Mr. Dehinde Tunwashe, the General Manager of Lagos State Mortgage Board, revealed that 4,355 housing had been earmarked for the rent-to-own housing programme across the state. Of the 4,355 units, he said, only 100 were allocated. Aside, he added that the state government had resolved to allocate a minimum of 100 housing units per month, which he said, would go a long way to stem the deficit.

Tunwashe, thus, disclosed that the rent-to-own schemes “comprise a total of 12 estates spread across the five divisions of the state. Our estates, which are located in a serene and beautifully gated community, are usually equipped with facilities like water treatment plant, adequate parking space, healthcare centre, estate management office, street lights, recreational area and police post for security.”

Testimonies of allottees
Contrary to what is obtainable in other climes, the general manager observed that the housing initiatives “are implemented without bias or favoritism.” Different accounts of beneficiaries, who spoke with THISDAY last week, attested to Ambode’s disregard to prejudice on ethno-religious grounds. Rather, they confirmed, the schemes were allocated fairly irrespective of where the applicants came from.

Mr. William Isebor, a chartered accountant from Akwa-Ibom, said a friend brought the state’s new housing policy to his notice. He said he was not from Lagos State, but just decided to apply because it only cost him an application fee of N10, 000. According to him, I just applied and went back home. Isebor noted that he never thought anything good could come out of his application.

Surprisingly, however, he received a message about four weeks after he applied that his letter of offer was ready. He thus said he never believed it would work. When he heard about the initiatives, Isebor simply thought it was one of those rhetorics politicians often rolled just for formality. But he said he was proved wrong after he received his letter of offer and completed the processing.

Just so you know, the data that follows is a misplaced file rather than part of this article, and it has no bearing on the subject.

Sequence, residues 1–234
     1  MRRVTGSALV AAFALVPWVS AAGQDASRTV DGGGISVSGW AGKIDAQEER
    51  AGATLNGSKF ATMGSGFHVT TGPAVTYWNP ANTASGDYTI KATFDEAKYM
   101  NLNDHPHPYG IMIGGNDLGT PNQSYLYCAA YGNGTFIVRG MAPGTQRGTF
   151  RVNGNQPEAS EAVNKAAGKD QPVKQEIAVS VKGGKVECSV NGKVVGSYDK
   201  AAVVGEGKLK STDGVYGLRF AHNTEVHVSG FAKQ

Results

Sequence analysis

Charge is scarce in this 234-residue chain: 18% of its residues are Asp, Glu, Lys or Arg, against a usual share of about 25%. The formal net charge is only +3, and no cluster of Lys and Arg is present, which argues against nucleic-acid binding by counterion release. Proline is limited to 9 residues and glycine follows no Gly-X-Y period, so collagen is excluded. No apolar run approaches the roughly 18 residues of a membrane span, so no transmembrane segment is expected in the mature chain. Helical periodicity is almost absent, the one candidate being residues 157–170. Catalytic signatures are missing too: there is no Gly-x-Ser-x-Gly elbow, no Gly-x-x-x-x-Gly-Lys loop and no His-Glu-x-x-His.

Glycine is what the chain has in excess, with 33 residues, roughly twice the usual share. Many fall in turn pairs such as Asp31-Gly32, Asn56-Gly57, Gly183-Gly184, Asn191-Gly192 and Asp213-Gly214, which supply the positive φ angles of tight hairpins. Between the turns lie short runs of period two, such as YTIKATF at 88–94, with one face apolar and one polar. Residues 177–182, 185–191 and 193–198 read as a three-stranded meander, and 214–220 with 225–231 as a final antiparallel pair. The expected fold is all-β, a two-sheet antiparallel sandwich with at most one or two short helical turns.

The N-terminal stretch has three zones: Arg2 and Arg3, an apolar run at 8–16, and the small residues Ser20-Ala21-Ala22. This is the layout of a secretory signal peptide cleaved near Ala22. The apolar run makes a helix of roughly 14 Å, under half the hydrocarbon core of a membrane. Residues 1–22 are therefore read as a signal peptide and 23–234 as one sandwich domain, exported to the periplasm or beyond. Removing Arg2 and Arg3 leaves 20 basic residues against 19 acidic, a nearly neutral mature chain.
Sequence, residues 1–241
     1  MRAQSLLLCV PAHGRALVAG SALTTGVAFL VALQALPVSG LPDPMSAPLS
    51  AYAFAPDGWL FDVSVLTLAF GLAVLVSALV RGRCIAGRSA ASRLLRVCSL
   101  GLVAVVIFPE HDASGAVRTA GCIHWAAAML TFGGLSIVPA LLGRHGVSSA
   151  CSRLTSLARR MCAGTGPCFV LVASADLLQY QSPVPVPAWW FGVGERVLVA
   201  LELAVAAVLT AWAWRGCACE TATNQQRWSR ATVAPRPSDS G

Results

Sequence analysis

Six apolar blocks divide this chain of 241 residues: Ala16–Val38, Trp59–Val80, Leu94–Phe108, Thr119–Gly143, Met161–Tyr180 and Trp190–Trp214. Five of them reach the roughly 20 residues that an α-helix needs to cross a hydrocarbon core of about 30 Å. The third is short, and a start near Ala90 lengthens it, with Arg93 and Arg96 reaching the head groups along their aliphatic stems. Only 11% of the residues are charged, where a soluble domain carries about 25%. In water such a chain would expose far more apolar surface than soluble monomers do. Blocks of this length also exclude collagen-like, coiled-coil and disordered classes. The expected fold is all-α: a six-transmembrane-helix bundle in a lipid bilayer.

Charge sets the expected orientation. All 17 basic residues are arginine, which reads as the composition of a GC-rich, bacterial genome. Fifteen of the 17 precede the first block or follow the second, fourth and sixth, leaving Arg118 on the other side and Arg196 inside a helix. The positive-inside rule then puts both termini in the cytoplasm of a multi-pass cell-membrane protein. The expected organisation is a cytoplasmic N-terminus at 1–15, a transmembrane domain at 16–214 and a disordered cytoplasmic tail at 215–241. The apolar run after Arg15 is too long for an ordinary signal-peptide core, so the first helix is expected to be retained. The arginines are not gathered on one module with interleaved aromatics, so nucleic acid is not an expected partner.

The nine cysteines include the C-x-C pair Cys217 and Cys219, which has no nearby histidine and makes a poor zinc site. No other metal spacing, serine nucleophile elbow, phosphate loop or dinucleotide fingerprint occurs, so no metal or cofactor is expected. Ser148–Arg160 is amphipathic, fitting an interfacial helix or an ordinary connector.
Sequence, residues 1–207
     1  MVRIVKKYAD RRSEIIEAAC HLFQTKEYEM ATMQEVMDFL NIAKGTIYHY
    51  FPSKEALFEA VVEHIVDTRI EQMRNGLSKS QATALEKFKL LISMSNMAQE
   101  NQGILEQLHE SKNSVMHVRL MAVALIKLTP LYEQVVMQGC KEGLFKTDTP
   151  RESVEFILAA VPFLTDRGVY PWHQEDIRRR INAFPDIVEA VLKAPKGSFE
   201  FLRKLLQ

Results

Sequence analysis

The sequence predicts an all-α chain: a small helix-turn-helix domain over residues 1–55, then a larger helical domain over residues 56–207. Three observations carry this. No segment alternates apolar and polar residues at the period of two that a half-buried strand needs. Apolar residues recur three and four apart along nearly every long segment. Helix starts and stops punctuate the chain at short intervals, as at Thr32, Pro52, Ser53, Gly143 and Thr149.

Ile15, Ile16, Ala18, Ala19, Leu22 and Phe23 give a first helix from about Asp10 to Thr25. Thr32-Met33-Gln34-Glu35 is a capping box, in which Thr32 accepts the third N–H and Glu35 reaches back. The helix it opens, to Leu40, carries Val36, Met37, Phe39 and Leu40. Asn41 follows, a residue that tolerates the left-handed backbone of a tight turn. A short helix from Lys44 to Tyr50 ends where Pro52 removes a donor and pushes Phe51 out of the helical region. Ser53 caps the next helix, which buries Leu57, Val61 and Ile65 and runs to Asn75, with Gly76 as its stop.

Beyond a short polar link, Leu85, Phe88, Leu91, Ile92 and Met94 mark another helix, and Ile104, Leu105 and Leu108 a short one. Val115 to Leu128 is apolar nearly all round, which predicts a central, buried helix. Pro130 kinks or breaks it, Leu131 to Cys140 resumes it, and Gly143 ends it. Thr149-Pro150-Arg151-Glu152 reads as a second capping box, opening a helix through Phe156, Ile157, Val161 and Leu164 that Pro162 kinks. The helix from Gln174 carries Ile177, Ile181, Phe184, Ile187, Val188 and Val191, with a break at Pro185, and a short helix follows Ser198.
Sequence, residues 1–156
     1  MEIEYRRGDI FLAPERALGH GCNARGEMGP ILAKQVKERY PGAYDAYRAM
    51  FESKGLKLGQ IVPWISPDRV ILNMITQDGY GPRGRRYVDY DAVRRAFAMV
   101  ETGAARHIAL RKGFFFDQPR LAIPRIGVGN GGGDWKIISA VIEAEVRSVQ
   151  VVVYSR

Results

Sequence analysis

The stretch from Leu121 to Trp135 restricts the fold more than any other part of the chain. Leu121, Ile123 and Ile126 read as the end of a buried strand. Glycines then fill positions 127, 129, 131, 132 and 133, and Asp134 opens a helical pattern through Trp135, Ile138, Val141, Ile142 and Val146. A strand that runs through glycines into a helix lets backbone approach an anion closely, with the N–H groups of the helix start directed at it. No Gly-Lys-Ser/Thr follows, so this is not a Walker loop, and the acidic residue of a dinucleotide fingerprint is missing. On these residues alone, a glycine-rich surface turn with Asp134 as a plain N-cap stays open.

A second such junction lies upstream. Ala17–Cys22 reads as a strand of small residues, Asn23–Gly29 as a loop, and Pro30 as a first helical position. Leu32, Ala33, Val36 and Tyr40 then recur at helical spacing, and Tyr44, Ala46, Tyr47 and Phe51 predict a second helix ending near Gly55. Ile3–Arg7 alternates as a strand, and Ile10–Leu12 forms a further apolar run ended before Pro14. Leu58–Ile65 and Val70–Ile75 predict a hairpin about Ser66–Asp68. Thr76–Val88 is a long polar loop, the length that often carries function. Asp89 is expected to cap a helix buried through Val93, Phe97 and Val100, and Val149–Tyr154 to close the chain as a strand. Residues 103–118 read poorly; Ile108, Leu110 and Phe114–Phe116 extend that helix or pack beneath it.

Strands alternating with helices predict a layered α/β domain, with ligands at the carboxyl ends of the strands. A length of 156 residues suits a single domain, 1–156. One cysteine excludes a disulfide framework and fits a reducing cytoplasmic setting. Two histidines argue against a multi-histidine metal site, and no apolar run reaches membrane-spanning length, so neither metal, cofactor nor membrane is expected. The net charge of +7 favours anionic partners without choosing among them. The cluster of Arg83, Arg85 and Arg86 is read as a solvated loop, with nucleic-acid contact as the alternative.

In the case of Mr. Idowu Bamidele, his father brought the new scheme to his knowledge the morning after Ambode formally kicked off the programme. But he said he was not interested in the scheme. He thought it was a political propaganda. But his father sent him link to the Lagos HOMS website where he got additional information he acted upon. He eventually applied for a one-bedroom apartment in Epe.

Afterwards, Bamidele called his father, asking if he could help lobby to enable him clinch one of the apartment. Sadly enough, his father did not have such connection. So, according to him, “I just resigned to fate”. After about three week, he got a message from the mortgage board that his application sailed through. He never thought he could get it; neither the process of the schemed could be that transparent.

Beyond rhetorics, the Commissioner for Housing said the delivery of first batch would not be the end. As promised, he assured that the state government “will ensure the delivery of at least 100 housing units per month.” But the handover of keys, he said, is no doubt an eloquent testimony to Ambode’s integrity and commitment. He added that it was a way of “putting smiles on the faces of Lagos resident.”